On average, every two days in 2018 Chinese president Xi Jinping met, visited or talked with a key foreign counterpart; headline references to the Chinese Communist Party (CCP) chief appeared in a chunky third (31.8%) of the PRC’s official foreign diplomacy recordings last year – followed by Foreign Minister and State Councilor Wang Yi (28.7%), Premier Li Keqiang (26.4%), Director of the Central Foreign Affairs Commission Yang Jiechi (5.5%) and Vice President Wang Qishan (3.3%). Those are some of the findings from an in-depth analysis published by Wei-Feng Tzeng (曾偉峯), assistant research fellow of the Center for Quantitative Analysis and Decision-Making Simulation (量化分析暨決策推演中心) in the January 2019 edition of the Defense Situation Monthly (國防情勢月報).
The takeaways, from research that sifts through statements published between November 2017 and November 2018 on the PRC’s foreign ministry website, are more than just CCP propaganda of its party chief. It shows a methodical and deliberate diplomatic push – in a 365-day period – by China’s most senior leaders to buttress Beijing’s expansionist “Belt and Road” ambition.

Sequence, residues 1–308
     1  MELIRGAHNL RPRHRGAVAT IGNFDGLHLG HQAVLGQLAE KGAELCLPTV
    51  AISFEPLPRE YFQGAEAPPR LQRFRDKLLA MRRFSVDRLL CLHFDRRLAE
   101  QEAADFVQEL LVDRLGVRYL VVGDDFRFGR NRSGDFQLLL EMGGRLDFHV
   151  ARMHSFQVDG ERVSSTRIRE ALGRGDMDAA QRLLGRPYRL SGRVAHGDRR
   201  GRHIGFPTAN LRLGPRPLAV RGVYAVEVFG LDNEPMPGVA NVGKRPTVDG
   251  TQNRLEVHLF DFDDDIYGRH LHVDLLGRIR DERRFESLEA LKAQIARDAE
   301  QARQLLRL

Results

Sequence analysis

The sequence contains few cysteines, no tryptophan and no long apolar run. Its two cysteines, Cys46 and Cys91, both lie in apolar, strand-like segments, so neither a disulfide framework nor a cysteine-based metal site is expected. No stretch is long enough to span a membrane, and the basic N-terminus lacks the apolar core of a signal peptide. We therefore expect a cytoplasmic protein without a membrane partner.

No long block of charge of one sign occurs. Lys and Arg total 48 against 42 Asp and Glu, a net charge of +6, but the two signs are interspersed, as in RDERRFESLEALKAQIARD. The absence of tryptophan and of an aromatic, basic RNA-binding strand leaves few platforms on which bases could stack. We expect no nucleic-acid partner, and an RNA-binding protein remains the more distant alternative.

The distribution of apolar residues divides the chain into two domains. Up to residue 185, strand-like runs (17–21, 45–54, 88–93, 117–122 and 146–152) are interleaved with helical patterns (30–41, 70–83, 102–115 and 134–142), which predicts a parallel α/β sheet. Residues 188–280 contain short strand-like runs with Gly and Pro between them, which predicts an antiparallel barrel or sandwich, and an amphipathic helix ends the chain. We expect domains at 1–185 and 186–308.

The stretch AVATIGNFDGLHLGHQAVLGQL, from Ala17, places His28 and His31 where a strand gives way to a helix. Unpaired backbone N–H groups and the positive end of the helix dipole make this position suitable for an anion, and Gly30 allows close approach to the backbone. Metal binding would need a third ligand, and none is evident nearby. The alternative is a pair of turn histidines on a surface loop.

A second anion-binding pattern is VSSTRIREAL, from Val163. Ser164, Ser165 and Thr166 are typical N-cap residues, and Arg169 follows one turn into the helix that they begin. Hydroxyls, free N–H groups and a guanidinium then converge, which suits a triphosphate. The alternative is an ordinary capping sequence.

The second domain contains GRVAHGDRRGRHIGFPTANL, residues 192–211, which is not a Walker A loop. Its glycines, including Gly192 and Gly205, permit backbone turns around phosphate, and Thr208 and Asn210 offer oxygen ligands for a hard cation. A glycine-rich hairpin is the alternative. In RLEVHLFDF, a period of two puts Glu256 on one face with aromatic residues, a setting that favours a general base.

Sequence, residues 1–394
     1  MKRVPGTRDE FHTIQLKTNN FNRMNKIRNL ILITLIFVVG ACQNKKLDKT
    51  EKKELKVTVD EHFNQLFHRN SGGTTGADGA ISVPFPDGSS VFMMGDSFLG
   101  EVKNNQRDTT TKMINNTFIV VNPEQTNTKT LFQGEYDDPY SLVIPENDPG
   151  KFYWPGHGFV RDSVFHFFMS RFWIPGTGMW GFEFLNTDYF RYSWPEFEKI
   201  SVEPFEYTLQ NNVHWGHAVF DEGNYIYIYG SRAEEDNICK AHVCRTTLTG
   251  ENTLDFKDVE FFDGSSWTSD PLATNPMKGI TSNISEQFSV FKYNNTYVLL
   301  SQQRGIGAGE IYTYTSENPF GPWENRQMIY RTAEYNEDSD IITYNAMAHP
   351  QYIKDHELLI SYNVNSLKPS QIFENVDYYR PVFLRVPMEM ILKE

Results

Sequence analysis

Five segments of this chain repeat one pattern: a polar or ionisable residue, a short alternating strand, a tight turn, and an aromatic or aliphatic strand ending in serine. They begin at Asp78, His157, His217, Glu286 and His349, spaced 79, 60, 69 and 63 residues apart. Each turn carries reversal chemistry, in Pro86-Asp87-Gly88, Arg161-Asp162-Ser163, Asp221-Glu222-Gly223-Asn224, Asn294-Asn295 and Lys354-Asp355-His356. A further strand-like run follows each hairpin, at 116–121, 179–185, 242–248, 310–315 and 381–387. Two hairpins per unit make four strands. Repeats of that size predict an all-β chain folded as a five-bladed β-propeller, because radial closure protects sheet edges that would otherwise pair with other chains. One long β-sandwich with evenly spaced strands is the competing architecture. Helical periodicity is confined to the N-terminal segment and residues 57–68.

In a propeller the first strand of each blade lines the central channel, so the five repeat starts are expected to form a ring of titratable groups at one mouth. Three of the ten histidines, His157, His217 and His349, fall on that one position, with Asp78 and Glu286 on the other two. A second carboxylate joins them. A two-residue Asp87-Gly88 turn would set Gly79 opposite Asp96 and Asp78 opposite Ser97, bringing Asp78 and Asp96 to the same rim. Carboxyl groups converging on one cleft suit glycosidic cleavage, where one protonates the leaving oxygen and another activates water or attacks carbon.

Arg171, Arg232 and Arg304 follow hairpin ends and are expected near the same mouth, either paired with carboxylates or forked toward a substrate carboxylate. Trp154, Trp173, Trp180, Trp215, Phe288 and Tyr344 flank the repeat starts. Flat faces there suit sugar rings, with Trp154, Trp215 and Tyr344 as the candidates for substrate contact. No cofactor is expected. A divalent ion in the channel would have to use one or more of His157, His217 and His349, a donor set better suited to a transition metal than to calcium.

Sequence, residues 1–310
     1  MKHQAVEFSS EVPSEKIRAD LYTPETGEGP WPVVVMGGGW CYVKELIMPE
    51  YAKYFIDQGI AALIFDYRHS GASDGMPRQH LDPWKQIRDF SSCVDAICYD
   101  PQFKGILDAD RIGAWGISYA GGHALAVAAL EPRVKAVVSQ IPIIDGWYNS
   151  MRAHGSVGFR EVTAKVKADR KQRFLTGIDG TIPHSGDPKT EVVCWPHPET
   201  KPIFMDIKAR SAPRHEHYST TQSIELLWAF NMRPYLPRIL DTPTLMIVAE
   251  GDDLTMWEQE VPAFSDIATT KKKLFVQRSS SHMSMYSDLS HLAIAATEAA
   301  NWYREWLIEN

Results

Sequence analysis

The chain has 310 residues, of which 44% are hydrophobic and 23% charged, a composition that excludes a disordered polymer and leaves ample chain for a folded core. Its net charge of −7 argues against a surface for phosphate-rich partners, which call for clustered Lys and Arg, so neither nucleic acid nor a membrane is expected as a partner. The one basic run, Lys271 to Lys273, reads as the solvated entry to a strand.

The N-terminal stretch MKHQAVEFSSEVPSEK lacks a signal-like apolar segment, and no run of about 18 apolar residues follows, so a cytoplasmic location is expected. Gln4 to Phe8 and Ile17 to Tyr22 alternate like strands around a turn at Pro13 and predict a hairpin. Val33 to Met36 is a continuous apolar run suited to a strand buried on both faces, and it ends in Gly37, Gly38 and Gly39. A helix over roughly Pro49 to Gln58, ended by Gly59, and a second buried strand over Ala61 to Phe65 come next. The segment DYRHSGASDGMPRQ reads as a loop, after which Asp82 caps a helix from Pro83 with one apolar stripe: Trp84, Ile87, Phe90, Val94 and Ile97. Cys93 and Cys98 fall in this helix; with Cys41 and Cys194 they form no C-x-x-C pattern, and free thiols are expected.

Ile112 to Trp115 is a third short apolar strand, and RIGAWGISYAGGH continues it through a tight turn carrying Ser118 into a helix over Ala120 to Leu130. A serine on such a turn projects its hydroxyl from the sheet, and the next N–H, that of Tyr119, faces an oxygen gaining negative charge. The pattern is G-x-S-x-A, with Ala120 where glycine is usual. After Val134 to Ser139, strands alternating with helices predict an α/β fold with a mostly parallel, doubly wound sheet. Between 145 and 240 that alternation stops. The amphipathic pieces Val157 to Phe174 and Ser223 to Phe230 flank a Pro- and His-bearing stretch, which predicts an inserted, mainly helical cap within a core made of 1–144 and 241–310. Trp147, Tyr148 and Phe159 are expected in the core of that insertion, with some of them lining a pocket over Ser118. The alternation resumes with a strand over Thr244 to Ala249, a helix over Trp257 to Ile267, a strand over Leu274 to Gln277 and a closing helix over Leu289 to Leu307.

“Face to face diplomacy is the focus for China’s leaders,” notes Tzeng.
All but one of the top 10 nations busily courted by China’s top leaders last year were those on the “Belt and Road” map (see below table). Looking ahead, He Lifeng, chairman of the powerful National Development and Reform Commission and also the director of the leading small group under the State Council promoting “Belt and Road” (國務院推進「一帶一路」建設工作領導小組辦公室主任), who appeared alongside Xi Jinping and Li Keqiang in their many diplomatic meetings last year, will be worth following. He Lifeng’s appearance symbolizes China’s diplomatic focus to build its land and maritime routes around the world.
The following tables are compiled by Tzeng based on information from the website of the Ministry of Foreign Affairs (PRC) between 27 November 2017 and 27 November 2018: